lizzie alcott2Alcott scholars have been disappointed in the archival material left by Elizabeth Alcott. Unassuming and private, Elizabeth’s writings are not overtly revelatory when compared to the voluminous journals and letters left by other members of her family. Her family too was troubled by her quiet evasiveness, her father complaining that she hid her “feelings in silence.” (Madelon Bedell, The Alcotts Biography of a Family, pg. 247). Family biographer Bedell wrote, “One might seek forever in those childish pages for a word or even an intimation of a wish, a dream, a longing, a reaction, or a feeling, and never find it.” (Bedell, pg. 248) This, however, is somewhat of an exaggeration. Alcott biographer John Matteson refers to “spirited arguments” Elizabeth had with a friend over vegetarianism, but he too concludes that Lizzie seemed “never to have wanted more from life than a quiet, comfortable smallness.” (John Matteson, Eden’s Outcasts: The Story of Louisa May Alcott and Her Father, pg 186) Yet, Susan Bailey has uncovered some of Lizzie’s letters in the archives of Houghton Library, which are more telling. There is a passive aggressiveness in some of her letters to her father, the yearning for attention and affection. Other family members’ letters intimate her depression during her final illness, the “natural rebellion” that Louisa hints at in Little Women as well. Lizzie possessed a resiliency and the Alcottian humor of her mother and sisters, too. As she was dying in 1858, Louisa wrote in her journal that Lizzie was trying to keep her sister’s spirits up (The Journals, pg. 88). Louisa also delighted in Lizzie’s letters, telling Anna that Lizzie “writes me the funniest notes.” (The Selected Letters, pg. 9). This sense of humor comes through strongly in one of Lizzie’s extant letters written to her family, while she and her mother Abba were traveling for Lizzie’s health. Lizzie teasingly admonishes her father that if “he grows thinner on her account … I shant write any more letters … and he will not know how I am. It must seem so good not to have to run every minute to my bell or hush all the time. I know you miss your little skeleton very much don’t you.[sic]”. Telling of her journey, she recalled a woman who “put her head” into the carriage “very saucily to inquire if I was an invalid and where going if I had been sick long.” She seems to have disliked the impertinent concern of some: “Miss Hinkley came in, and was horridly shocked at my devouring meat … and stared her big eyes at me, she will probably come to deliver another lecture soon. I don’t care for the old cactus a bit,” (Letter, August 6, 1857; see previous post with entire letter) sounding like Louisa.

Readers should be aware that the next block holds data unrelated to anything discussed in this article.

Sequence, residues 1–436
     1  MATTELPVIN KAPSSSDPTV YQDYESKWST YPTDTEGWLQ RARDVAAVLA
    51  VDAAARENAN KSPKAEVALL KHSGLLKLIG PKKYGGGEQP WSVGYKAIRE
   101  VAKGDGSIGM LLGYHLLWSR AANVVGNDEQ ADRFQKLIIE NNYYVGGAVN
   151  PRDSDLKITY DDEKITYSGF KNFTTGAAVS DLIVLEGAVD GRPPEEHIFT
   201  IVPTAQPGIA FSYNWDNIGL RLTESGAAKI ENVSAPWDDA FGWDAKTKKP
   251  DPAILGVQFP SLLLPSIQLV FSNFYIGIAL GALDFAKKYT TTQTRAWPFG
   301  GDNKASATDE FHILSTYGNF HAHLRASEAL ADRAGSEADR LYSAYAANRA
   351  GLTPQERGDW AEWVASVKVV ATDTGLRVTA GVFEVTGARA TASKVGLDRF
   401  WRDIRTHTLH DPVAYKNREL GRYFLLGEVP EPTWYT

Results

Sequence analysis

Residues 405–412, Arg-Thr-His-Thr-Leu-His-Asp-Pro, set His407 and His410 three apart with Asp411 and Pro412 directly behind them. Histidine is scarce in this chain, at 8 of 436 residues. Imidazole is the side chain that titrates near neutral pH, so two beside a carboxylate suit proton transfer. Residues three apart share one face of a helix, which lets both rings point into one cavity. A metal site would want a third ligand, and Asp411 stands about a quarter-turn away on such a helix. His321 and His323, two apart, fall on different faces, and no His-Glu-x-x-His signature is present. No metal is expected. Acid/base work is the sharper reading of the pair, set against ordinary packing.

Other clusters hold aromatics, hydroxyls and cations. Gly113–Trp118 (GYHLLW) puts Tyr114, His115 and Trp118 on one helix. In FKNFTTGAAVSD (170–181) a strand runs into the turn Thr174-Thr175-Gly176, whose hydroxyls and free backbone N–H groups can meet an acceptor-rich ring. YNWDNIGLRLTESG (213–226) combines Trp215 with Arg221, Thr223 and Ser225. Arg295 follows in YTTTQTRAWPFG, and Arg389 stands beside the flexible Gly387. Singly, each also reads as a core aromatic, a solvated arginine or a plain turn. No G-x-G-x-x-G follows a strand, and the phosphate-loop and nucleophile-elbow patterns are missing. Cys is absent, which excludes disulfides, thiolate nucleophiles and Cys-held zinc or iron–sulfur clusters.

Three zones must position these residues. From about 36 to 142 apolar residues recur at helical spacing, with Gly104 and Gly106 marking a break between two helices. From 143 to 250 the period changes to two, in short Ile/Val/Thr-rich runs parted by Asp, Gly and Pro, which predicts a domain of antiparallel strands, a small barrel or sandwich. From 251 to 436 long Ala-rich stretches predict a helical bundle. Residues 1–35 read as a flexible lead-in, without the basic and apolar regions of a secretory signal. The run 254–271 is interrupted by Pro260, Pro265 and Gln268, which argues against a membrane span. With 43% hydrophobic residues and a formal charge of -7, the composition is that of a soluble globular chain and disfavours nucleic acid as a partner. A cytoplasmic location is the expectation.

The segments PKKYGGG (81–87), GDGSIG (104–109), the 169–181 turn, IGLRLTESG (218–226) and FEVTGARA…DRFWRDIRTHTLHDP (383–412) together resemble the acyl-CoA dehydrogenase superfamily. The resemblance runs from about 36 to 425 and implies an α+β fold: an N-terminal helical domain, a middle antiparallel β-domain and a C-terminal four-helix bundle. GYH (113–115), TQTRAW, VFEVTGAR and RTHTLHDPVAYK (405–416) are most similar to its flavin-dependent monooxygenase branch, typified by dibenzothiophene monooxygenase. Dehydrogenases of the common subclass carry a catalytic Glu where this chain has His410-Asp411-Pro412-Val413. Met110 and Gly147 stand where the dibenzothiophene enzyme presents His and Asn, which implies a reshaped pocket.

Was Lizzie actually like Beth?